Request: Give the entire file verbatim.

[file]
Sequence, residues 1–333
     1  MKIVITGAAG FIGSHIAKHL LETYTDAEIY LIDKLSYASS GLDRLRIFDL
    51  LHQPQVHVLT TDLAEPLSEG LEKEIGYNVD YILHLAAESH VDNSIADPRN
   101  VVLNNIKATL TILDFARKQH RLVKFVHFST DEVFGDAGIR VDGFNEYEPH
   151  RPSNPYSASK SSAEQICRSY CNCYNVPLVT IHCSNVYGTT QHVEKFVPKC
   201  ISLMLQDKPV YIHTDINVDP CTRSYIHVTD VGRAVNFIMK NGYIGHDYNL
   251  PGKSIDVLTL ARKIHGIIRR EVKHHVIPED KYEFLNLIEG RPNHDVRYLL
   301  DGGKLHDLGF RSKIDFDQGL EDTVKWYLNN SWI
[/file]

Sequence, residues 1–333
     1  MKIVITGAAG FIGSHIAKHL LETYTDAEIY LIDKLSYASS GLDRLRIFDL
    51  LHQPQVHVLT TDLAEPLSEG LEKEIGYNVD YILHLAAESH VDNSIADPRN
   101  VVLNNIKATL TILDFARKQH RLVKFVHFST DEVFGDAGIR VDGFNEYEPH
   151  RPSNPYSASK SSAEQICRSY CNCYNVPLVT IHCSNVYGTT QHVEKFVPKC
   201  ISLMLQDKPV YIHTDINVDP CTRSYIHVTD VGRAVNFIMK NGYIGHDYNL
   251  PGKSIDVLTL ARKIHGIIRR EVKHHVIPED KYEFLNLIEG RPNHDVRYLL
   301  DGGKLHDLGF RSKIDFDQGL EDTVKWYLNN SWI